It’s a bit easier to be thankful this year, not that I’ve ever taken for granted the wonderful people (and dogs) in my life and the pleasure of getting to make a living doing what I love. But something about near-death experiences crystalizes things for you. Suddenly you’re thankful for the most mundane things.
If you’d asked me on the day I left the hospital a few weeks ago after nearly losing my life and my left leg in a boating accident, I’d probably have been thankful to be slapped across the face, as long as it happened outside the hospital. Two weeks in a hospital will make you thankful to be just about anywhere else. I’m pretty sure even in prison they don’t wake you up every hour.
Driving back to Mobile from New Orleans after leaving the hospital, I was probably the most thankful person in the tri-state area. I was blubbering about how thankful I was that my beautiful wife was there for me, how excited I was to see my kids, my dogs, my home again, because a couple of weeks earlier I didn’t think I would. I was thankful to be hauling home my broken leg.
I was even getting emotional about super mundane things. Suddenly the wasteland of New Orleans East was a treasured sight. I got a little misty looking at Scuttlebutts adult entertainment club in Slidell. Even crossing the muddy Pearl River seemed like an accomplishment. I might have been a little over-thankful, honestly.
The end of this week will mark a month that I’ve been home, so some sense of normalcy has crept back into my mind, if not my life. Unrealistically, I’d expected to be walking by now. I sort of had this three week goal once I left the hospital, but that was pretty unlikely considering it takes longer than that to heal a broken leg, not to mention one with a massive wound dominating my thigh.
Nearly a month later I’m still working on just getting the wound healed up and I’ll have to go back for another skin graft surgery next week, which means at least a few more weeks of changing dressings. But I’m still thankful! I could be dealing with learning how to use a prosthetic leg. Sitting on the couch doesn’t seem that horrible when I consider the alternatives.
One thing I’m definitely thankful for is that this will only be a temporary circumstance. Those who can walk may never realize what a great thing it is. We totally take for granted the ease with which we can get up and walk across the room to get something, or carry a drink without spilling it all over the place. Right now, every time I flop down on the couch and then realize I forgot to get something that’s less than 20 feet away, I experience the same anguish I did a few years ago when I drove for 40 minutes before realizing I’d left the boat key at home.
At this point, if I want to move my laptop from one room to another, I stick it inside the sweatpants that have become my uniform and try to make it there before the pants fall off from the weight. I could probably tie the drawstring, but it’s too much work.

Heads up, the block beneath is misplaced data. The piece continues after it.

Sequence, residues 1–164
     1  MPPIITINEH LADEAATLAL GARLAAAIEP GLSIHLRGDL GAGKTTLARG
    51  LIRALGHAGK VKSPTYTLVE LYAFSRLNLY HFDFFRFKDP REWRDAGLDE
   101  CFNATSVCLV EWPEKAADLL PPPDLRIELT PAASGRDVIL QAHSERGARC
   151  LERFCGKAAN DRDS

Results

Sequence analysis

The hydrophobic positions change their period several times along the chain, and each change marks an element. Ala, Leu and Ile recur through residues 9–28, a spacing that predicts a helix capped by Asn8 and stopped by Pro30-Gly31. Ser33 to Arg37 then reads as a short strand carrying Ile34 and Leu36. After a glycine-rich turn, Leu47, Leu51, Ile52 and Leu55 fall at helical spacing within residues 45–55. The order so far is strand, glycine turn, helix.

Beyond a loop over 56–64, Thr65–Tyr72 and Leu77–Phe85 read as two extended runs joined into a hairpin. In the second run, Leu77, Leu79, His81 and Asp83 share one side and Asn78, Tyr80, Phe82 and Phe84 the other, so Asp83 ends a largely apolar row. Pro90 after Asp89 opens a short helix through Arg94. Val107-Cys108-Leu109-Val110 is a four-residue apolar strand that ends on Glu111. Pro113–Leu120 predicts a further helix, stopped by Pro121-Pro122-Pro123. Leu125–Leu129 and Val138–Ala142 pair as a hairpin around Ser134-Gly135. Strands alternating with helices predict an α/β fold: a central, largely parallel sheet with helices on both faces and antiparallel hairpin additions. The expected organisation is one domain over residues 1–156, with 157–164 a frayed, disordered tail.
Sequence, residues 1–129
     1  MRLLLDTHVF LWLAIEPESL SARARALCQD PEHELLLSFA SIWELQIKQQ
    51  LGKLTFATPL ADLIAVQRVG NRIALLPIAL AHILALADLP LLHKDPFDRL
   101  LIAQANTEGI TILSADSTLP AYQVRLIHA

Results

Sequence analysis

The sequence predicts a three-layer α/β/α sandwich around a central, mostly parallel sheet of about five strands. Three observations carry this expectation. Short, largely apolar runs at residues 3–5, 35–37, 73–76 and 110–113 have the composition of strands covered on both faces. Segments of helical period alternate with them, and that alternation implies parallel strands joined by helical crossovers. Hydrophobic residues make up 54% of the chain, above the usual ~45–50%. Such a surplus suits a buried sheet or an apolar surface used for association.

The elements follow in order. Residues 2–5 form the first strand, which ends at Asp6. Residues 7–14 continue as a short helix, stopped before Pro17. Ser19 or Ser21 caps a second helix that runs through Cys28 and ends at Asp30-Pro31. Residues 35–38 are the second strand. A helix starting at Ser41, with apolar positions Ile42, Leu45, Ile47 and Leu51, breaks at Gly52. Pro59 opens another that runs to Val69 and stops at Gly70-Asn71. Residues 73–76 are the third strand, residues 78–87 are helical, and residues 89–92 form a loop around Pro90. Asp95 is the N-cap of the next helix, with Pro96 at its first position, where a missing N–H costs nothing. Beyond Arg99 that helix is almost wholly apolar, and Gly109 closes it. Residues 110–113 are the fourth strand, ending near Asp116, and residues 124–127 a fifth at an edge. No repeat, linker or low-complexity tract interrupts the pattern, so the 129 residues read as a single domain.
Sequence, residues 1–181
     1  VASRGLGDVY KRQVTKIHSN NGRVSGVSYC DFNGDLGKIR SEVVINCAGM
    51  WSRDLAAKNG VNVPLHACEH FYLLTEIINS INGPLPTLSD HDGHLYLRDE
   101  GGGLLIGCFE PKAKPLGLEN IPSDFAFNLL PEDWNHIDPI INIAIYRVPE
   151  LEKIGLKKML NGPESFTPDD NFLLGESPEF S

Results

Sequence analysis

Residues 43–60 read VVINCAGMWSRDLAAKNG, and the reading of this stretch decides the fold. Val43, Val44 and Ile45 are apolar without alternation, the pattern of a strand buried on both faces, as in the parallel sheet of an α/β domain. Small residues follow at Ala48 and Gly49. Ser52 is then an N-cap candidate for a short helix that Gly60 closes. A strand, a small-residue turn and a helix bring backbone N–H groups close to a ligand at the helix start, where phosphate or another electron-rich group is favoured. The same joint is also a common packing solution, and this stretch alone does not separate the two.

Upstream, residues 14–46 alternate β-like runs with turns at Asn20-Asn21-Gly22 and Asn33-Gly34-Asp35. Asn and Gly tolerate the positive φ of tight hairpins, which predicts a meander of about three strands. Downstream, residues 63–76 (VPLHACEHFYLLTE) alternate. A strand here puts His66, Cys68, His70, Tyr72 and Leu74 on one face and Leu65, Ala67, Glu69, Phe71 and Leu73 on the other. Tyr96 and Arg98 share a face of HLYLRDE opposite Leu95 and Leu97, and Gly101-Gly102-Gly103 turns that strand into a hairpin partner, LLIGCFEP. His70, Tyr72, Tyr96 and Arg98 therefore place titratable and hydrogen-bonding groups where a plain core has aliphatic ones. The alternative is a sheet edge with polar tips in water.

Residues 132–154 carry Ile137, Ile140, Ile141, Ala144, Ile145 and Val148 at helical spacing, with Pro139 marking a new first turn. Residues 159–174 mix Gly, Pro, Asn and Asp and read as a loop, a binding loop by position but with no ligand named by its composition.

But I’m still thankful for my walker. Yes, it does make me feel 100, but without it I wouldn’t be able to make it into the kitchen at 1 mph and I’d really be stuck on the couch. I’m resigned to having to use it for a bit, but not so resigned that I’ve put tennis balls on the legs. That seems too much like I’m settling in. I refuse to do this long enough to destroy the finish on our hardwood floors!
Without doubt the individuals with the most thankful outlook after my accident are our dogs — Georgia and Sophie. They are loving this whole new “Couch Rob,” and have fully embraced spending upwards of 17 hours a day with me in the living room. I used to joke that Georgia’s idea of heaven would be for me to wind up in an iron lung where she could just climb in and sleep on top of me, then get out occasionally to bark if someone knocked on the door.
I’m not quite that immobile, but there’s definitely more Rob/dog time right now. Sophie is still a puppy, but it took her very little time to realize I can’t catch her now. So she responds to any request from me with the dog equivalent of “the bird,” then runs to another room to laugh. If it’s ever just the dogs and me alone at the house, Sophie immediately heads upstairs and starts loudly breaking things. Georgia just looks at me like “You know she’s not supposed to do that.”
It’s all working out pretty well for the dogs.
I know this Thanksgiving Day the turkey is going to taste a little sweeter, the dressing a little dressier and the pumpkin pie a little more pumpkiny(?). Everyone will have to come to us this year, which will also make the dogs even happier and I’m sure the Cowboys will win for me.
I’m not even going to compete for the wishbone this year because I’ve already used up all my wishes just being here.
It’s always good for us to stop and recognize the fortune of our circumstance, even if maybe it doesn’t seem all that fortunate. Someone always has it worse. New Orleans East may seem like a dump until you spend two weeks in a hospital. It’s all relative, right?
I’m thankful I have a nice big couch full of dogs (and people) who love me. And I’ll be doubly thankful when I can get up off that couch and walk outside in a few months.
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